2. ^ a b c d e Sporting magazine: or, monthly calendar of the transactions of the turf, the ... - Google Books. 1827. Retrieved 2012-01-22.
  3. ^ Patricia Erigero Thoroughbred Heritage. "Partisan". Retrieved 2012-01-22.
  4. ^ Whyte, James Christie (1840). History of the British turf: from the earliest period to the present day - James Christie Whyte - Google Books. Retrieved 2012-01-20.
  5. ^ "Mulebird Horse Pedigree". Retrieved 2012-01-22.
  6. ^ "30 Apr 1936 - WORLD'S GREATEST RACE. Some English Derby History". 1936-04-30. Retrieved 2012-01-22.
  7. ^ "15 Dec 1866 - Tatt[?]all's Handicap &c". Retrieved 2012-01-21.
  8. ^ a b "29 Nov 1919 - BUTCHER TO MILLIONAIRE". 1919-11-29. Retrieved 2012-01-21.
  9. ^ Once a week. Bradbury and Evans. 1866. p. 262. Retrieved 2012-01-22 – via Internet Archive. mameluke derby.
  10. ^ a b "02 Mar 1861 - MR. GULLY. (From Baily's Magazine of Sports and". Retrieved 2012-01-21.
  11. ^ The Sportsman - Google Books. 1838. Retrieved 2012-01-22.
  12. ^ The farmer's magazine - Google Books. 1836. Retrieved 2012-01-22.
  13. ^ "HathiTrust Digital Library - Racing calendar. 1826". Retrieved 2012-01-22.
  14. ^ Mortimer, Roger; Onslow, Richard; Willett, Peter (1978). Biographical Encyclopedia of British Flat Racing. Macdonald and Jane’s. ISBN 0-354-08536-0.
  15. ^ Sporting magazine: or, monthly calendar of the transactions of the turf, the ... - Google Books. 1829. Retrieved 2012-01-22.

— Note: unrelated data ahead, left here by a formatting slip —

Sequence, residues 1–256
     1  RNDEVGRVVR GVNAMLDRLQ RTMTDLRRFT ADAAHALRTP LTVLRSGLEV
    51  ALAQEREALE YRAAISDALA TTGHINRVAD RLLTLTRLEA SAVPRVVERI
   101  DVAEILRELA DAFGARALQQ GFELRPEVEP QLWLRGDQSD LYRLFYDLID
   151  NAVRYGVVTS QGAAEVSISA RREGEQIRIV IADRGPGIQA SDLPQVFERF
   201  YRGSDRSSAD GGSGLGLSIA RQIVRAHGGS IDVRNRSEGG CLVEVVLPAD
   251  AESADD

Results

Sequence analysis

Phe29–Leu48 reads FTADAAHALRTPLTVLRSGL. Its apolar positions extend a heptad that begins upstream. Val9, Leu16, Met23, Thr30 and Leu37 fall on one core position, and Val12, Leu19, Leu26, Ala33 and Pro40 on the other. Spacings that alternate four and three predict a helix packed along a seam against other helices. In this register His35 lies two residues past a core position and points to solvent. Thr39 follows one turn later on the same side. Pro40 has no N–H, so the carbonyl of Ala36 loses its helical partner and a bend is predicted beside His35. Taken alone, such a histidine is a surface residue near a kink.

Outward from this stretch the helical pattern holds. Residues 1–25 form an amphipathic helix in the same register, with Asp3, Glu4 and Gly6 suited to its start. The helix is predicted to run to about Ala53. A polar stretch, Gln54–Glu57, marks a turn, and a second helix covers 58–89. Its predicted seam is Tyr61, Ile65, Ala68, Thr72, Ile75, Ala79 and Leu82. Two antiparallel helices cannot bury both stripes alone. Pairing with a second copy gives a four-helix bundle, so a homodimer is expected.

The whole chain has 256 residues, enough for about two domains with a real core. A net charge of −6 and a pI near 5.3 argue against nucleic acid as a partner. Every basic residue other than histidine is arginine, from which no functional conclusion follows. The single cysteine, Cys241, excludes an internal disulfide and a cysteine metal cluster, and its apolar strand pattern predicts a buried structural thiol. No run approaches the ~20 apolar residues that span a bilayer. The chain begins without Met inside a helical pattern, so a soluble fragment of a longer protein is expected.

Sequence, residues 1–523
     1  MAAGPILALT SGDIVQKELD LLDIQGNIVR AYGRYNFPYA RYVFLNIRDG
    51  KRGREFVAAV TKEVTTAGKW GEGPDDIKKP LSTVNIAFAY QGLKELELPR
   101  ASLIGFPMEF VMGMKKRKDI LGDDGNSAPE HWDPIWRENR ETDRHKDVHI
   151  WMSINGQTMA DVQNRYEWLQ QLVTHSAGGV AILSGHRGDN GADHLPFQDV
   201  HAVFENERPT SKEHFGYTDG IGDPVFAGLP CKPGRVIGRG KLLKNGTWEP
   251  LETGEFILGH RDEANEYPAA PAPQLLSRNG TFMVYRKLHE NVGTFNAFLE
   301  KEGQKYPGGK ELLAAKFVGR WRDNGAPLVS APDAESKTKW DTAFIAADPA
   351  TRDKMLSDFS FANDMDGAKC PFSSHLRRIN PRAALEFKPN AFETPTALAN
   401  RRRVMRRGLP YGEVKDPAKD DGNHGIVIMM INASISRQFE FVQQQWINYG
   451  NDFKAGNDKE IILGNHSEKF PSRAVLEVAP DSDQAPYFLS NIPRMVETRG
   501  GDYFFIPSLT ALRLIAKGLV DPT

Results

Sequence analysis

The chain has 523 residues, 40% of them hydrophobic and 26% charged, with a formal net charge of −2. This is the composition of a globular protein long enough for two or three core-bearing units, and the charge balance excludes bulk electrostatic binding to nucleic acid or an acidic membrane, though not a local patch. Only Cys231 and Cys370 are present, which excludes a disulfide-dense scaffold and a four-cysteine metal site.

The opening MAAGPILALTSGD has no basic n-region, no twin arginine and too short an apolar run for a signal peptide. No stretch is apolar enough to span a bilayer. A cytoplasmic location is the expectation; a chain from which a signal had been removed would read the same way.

16. ^ Sporting almanack and oracle of rural life - Google Books. 1839. Retrieved 2012-01-22.
  17. ^ "06 Oct 1883 - SPORTING IN ENGLAND". Retrieved 2012-01-21.
  18. ^ Noakes, Aubrey (1971). Sportsmen in a landscape - Aubrey Noakes - Google Books. ISBN 9780836920055. Retrieved 2012-01-22.
  19. ^ Sporting magazine: or, monthly calendar of the transactions of the turf, the ... - Google Books. 1830. Retrieved 2012-01-22.
  20. ^ Whyte, James Christie (1840). History of the British turf: from the earliest period to the present day - James Christie Whyte - Google Books. Retrieved 2012-01-22.
  21. ^ Patricia Erigero Thoroughbred Heritage. "Partisan". Retrieved 2012-01-22.
  22. ^ The Sportsman - Google Books. 1838. Retrieved 2012-01-22.
  23. ^ Staff (1851). "Obituaire". Stud-book français. Registre des chevaux de pur sang nés ou importés en France. 2: 424.